No Awards, Plenty of Honor

sports

My parents had a few rules with us kids. One that came with school: Try an art and a sport.

After two years on the trombone, I fulfilled my sport (in Mom and Dad’s eyes) with track and field in seventh grade. Thirteen-year-old me was pleased, too.

No tackling or hitting here. Football would have snapped me like a toothpick. Track was a perfect sport for a long-legged trombonist like myself, and five seasons of the sport in middle and high school groomed me for the real world.

I learned quickly that I wasn’t quick. At least in sprinting. You can’t expect a person with three-foot legs to win a 100-meter dash. The 400, maybe.

Discipline’s important, too. Yes, track athletes work out, though you can’t often tell. My arms and legs never bulged but the strength came with the clock. Faster, faster, faster.

And in five years, what a variety of workouts too. Jogging to the Bison Sports Arena and back. Weights. Starting blocks. Stretching. Sandbagging Hackberry Drive during the 2009 Red River flood.

How about those track meets too? Lying around for six hours in the shade for your two-minute event. Getting into heats an hour before you run. The anxiety. The adrenaline. The uniforms.

I’ve never been one for shorts, especially with my pale legs flapping around the track. But hey, I had fun. I never won anything, but I had fun.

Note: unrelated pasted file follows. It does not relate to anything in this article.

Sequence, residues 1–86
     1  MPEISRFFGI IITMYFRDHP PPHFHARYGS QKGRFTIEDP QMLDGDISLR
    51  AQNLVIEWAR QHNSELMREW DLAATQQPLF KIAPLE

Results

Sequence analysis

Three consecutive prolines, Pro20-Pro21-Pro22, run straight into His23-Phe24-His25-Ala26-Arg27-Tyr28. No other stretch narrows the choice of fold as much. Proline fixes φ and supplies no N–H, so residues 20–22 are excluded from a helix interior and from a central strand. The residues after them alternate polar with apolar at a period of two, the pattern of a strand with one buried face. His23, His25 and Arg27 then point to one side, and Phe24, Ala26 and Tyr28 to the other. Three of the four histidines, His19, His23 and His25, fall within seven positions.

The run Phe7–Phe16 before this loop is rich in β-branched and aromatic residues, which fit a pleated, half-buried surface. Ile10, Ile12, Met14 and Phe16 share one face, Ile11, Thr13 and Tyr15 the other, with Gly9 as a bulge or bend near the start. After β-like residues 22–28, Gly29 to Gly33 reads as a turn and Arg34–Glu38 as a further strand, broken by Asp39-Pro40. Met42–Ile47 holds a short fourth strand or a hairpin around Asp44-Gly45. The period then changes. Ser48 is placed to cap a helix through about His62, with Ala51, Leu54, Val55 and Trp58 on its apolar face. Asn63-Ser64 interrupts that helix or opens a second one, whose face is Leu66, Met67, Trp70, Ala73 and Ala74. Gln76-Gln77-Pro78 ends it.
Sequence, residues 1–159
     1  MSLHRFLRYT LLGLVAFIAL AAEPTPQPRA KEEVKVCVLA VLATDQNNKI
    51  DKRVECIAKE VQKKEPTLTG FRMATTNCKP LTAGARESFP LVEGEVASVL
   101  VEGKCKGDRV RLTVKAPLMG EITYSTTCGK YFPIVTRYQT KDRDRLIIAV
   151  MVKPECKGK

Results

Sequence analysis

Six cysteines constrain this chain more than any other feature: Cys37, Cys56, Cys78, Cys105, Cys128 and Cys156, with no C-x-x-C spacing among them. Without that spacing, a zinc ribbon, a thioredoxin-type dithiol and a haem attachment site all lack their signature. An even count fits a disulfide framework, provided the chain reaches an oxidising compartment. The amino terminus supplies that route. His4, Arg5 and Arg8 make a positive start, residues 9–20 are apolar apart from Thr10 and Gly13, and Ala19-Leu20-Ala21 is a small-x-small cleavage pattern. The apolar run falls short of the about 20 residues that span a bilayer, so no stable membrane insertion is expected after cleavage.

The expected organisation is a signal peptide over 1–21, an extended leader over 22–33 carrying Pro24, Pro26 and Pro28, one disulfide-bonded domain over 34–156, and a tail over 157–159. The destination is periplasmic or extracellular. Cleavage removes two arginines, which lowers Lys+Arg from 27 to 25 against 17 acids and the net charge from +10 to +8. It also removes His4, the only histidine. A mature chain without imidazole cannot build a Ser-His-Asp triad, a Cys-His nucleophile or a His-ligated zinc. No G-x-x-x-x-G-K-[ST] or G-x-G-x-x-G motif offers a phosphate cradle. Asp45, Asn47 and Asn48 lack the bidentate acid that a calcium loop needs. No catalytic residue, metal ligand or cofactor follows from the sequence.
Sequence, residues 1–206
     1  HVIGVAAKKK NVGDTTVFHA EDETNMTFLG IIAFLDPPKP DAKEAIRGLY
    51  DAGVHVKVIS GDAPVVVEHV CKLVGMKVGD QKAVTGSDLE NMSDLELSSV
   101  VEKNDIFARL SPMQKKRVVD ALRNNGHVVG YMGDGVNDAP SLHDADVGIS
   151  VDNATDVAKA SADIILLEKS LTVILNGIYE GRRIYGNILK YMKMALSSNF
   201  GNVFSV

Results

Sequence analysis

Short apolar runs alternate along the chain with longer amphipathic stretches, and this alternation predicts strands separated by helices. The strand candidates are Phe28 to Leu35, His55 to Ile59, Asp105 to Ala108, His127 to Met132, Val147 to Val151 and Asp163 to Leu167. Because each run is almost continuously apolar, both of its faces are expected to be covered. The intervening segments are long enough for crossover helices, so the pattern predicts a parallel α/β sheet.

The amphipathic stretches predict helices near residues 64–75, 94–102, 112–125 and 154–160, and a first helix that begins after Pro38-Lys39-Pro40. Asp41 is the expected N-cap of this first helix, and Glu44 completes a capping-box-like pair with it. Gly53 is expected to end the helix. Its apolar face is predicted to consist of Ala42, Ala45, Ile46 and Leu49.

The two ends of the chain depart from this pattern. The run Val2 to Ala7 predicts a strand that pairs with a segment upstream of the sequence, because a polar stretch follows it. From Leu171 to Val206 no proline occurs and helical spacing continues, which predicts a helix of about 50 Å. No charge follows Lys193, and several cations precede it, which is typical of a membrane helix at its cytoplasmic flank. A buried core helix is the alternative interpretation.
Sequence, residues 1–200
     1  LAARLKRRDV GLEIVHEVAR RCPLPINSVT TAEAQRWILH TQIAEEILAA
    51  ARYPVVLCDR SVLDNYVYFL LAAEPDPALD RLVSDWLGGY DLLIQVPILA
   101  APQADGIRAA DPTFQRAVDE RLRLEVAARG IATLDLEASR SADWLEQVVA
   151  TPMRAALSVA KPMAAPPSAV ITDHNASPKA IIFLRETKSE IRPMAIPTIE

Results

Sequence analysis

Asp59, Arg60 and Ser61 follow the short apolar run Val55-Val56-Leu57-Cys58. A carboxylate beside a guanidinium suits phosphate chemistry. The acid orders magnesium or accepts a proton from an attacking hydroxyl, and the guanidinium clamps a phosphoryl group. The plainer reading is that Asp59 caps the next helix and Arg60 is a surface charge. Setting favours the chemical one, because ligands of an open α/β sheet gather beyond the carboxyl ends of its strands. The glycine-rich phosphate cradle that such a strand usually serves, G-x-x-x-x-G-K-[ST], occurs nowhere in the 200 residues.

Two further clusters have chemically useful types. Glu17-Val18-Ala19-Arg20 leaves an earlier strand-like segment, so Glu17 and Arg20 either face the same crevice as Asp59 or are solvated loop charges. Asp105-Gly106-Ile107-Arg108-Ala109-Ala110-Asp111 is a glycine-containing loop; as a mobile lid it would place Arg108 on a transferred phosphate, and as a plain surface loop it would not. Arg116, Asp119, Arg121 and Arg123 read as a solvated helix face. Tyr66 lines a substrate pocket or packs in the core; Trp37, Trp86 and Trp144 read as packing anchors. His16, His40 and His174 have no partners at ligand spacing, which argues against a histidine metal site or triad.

The 400 was my event. On a good day, I’d clinch that in 61 seconds. Not bad for 38-inch legs.

Other events, the 100, 200, 4×4 relay, maybe count me out.

Nope, get in there, Jack, we need you. OK.

Despite my less than stellar times, I never fell down or injured myself in a run. I had my injuries in training though, from a fluid filled lump on my foot to shin splints to the groin. Track is hard on the body.

But oh, I loved it. Some of my best friends in high school came from track. My senior prom date was the girl on the throwing team I met our first season in seventh grade.

I met my godson’s father the same year, and we’ve been buds ever since.

Five seasons in the sport, I met and made friends with Fargo North track athletes from boys’ and girls’ teams spanning the classes of 2007 to 2015.

I wish I could have ran my senior year, but I had my first job at that point and opted out, but did cover the teams for the school paper.

Track certainly left a greater impression on me than the trombone, not to knock high school band.

You don’t always win, or take second or third or fourth. And you sometimes have to do things you don’t want to do.

Sometimes you get injured or have no money when the bus makes its only food stop on the return trip from Aberdeen at 1 a.m.

But the relationships made along the way sure make it better.

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